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  • Writer's pictureReflective Resources

Costa Rica: The spirit of Pura Vida and behind the scenery

Costa Rica: The spirit of Pura Vida I WIDE (Click to see the video on YouTube)

Costa Rica, nestled between the Caribbean Sea and the Pacific Ocean, is a global biodiversity hotspot and hosts around 5% of the total species estimated worldwide. From active volcanoes and high mountains to green valleys, tropical rainforest and white, grey or black sandy beaches, this film explores all the facets of this cultural and biological treasure trove.

Although the film doesn’t explain the concept of Pura Vida it does give a good indication of the diversity of the life In Costa Rica

Costa Rica has a good life expectancy and pre 2020 Costa Rica was consistently ranking around 12th on the World Happiness Index. The country has a strong welfare system and Costa Ricans have access to free education and a guaranteed state pension. It is the only country in Central America where 100 percent of the population has access to electricity and a source of drinking water and is also one of the few countries in the region that offers universal health coverage following heavy investment, targetting the most readily preventable kinds of death and disability. In the 1970s, the country spent more on health as a proportion of GDP than even some advanced economies, including the United Kingdom.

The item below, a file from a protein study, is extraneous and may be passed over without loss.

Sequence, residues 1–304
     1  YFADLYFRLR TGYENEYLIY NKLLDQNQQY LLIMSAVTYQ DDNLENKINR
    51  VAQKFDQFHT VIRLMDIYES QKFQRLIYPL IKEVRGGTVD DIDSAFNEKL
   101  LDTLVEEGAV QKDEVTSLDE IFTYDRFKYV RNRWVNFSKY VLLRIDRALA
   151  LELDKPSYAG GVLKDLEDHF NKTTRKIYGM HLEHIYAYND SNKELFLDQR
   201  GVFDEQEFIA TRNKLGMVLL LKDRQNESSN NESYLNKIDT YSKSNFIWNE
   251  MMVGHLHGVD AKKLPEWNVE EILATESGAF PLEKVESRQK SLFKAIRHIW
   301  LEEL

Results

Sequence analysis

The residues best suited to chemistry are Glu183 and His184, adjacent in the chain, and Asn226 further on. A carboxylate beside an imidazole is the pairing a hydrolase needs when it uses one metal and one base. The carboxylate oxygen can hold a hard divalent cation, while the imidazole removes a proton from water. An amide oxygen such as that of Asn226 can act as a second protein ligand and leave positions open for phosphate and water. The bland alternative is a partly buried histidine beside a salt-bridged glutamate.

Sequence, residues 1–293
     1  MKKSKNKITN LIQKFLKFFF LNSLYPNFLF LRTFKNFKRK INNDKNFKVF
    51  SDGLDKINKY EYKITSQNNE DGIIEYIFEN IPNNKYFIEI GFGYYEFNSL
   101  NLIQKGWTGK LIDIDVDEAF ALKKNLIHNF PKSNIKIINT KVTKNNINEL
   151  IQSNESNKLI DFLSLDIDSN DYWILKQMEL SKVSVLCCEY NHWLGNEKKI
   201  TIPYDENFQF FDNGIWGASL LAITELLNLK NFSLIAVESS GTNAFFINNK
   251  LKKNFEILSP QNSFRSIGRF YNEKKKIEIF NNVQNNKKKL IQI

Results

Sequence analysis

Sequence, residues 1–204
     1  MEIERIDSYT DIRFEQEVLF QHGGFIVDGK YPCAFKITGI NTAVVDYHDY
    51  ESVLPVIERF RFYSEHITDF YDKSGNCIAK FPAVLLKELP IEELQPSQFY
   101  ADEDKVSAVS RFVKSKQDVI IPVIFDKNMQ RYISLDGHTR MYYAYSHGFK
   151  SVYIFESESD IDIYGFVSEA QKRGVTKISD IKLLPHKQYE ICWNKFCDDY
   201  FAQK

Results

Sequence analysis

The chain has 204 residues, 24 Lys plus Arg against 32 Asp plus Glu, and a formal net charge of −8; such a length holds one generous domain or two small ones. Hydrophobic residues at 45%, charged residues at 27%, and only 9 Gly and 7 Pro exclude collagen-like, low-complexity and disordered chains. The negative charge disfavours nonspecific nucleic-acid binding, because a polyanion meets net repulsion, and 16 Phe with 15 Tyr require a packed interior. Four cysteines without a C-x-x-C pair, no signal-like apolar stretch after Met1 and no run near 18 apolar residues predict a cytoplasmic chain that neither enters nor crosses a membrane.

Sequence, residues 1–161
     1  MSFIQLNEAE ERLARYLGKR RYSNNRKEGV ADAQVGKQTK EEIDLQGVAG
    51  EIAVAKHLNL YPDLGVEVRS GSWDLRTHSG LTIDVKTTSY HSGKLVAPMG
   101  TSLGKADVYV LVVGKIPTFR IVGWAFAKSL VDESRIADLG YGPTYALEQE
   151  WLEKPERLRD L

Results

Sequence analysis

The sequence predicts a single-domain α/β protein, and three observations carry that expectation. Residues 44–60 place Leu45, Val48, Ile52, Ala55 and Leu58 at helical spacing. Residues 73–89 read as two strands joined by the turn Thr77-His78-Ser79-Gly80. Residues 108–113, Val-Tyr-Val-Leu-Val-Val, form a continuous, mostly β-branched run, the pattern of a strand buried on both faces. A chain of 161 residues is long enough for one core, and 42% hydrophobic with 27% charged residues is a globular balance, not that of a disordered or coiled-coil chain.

The country’s high well-being and good life expectancy is linked to strong social relationships and a sense of community. On a practical basis, people are warm and the pace of life, like the sloth, is slower. It hasn’t been a competitive society where everyone is trying to climb the career ladder. There have worrying (for me) signs of change since 2020 however and in 2022 the ranking had dropped to 23rd. I personally wonder if this is reflected in the increased desire and competitiveness re tourism, and associated building and deforestation etc and indeed I did notice signs saying ‘Please no more building’ whilst on a recent holiday there.

Although there are various eco responsible projects set up, not everyone is adhering to an eco approach with activities being offered such as quad biking and jet skiing and it appears (even from my brief stay) that if something is not done in a few years Costa Rica won’t be the same as it is even now.

Something I noticed and was uncomfortable about but didn’t appreciate the full extent of is the contrast between the rich and the poor in Costa Rica. I came across this article the other day which will give another perspective to this diverse country:


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